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J. D. B. News Letter

April 2, 1929
See Original Daily Bulletin From This Date

The number of Jewish houses of worship in Miami has been increased to three with the dedication this week of a new synagogue at Miami Beach, built by Jewish winter tourists. It will mainly be used by those who come to spend the months January, February and March at the beach.

The synagogue, called Congregation Beth Jacob, was constructed at Collins Avenue and Fourth Street, Miami Beach, two blocks from the ocean. The seating capacity is 500. The construction involved an expense of $20,000, which was raised among the visitors to the resort. Six hundred and fifty contributions ranging from $5 to $1,000 made up the sum required.

Louis Topkis of Wilmington, Delaware, prominent in the Zionist movement in America, was chairman of the building committee which handed over the synagogue to the community free of any mortgage.

A record in construction was achieved in the completion of the work. The cornerstone was laid on February 17th. while the dedication took place on Sunday, March 24th. A special gallery for women was provided in the plans as the Congregation Beth Jacob determined upon the Orthodox ritual following some discussion in the committee. Some of the contributors, members of the committee, asked for the adoption of the Conservative ritual. It was, however, pointed out that the majority of the 7,500 Jewish winter tourists who come to spend the winter months at Miami are Orthodox, and range in age between 55 and 75. They come principally from New York, Chicago, Boston, Philadelphia and from the principal Canadian cities.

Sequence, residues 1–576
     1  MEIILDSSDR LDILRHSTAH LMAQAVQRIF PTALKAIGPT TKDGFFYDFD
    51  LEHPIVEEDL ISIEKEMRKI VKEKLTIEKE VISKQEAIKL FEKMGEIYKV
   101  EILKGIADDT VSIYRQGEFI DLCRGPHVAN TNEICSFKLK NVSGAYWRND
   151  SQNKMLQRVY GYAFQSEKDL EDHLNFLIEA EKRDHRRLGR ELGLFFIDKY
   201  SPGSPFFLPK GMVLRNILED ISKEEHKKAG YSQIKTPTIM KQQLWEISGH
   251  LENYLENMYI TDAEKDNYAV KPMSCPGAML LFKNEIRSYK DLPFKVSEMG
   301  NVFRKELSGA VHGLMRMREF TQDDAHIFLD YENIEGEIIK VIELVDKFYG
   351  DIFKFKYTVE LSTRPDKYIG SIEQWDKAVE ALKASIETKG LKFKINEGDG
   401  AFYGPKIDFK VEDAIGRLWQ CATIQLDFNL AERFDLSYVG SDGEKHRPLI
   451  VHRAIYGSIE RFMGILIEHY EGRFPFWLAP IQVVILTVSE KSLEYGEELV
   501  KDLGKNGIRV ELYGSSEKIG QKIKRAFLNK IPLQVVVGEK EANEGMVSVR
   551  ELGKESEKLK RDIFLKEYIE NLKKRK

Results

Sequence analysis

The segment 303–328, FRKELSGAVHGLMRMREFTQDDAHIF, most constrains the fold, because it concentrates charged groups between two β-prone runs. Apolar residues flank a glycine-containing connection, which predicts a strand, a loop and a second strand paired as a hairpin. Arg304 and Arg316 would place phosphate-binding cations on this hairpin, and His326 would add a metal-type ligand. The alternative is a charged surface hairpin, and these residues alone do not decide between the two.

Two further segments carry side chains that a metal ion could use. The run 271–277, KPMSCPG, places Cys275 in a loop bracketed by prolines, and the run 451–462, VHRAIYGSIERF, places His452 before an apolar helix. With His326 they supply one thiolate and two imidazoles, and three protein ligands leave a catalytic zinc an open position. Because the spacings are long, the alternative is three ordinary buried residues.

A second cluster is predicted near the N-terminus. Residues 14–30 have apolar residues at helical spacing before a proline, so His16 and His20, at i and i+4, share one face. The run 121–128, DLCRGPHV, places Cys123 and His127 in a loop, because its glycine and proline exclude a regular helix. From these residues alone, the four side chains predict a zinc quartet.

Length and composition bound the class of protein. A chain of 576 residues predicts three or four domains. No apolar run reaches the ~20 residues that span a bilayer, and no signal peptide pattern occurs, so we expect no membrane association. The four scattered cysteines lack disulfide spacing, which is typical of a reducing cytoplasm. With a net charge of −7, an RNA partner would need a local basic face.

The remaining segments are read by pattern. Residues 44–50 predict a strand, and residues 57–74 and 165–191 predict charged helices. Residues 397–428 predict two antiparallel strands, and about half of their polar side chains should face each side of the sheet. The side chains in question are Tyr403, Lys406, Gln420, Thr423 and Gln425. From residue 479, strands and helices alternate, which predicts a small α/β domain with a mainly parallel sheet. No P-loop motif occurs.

Louis Topkis presided at the dedication exercises. Addresses of welcome were delivered by Rabbi Israel H. Kaplan of Temple Israel, Reform congregation of Miami; the Rabbi of Congregation Beth David, Orthodox congregation; and Isidore Cohen of Miami.

Samuel Butter of Boston contributed the amount of $500 for the privilege of opening the door of the new synagogue while Mrs. Butter donated $250 for unveiling the tablet bearing the Ten Commandments. Other visitors made donations for the privileges of carrying the Scrolls of the Law from a store where the congregation had worshipped before erecting the new synagogue.

Members of the committee, headed by Louis Topkis of Wilmington, Del., as chairman, included Harry Levitt of Miami Beach, chairman of the construction committee; Harry Wasserman of Sharon Springs, N. Y., treasurer; Paul Herring of New York, William Hartman of Chicago. Joseph Tilzer, Passaic, N. J. Leon Paley of New York, Aaron Lachowitz of Shomokin Pa., Abraham Jaffe, Chicago; Jacob (Continued on Page 4)

Becker, Miami Beach; Isaac Gross, Saratoga Springs; Max Feit, Miami Beach, Fla.

Lazarus Abramowitz is president of the congregation, J. Caplan, vice-president; M. Abraham, treasurer and S. Guttman, secretary.

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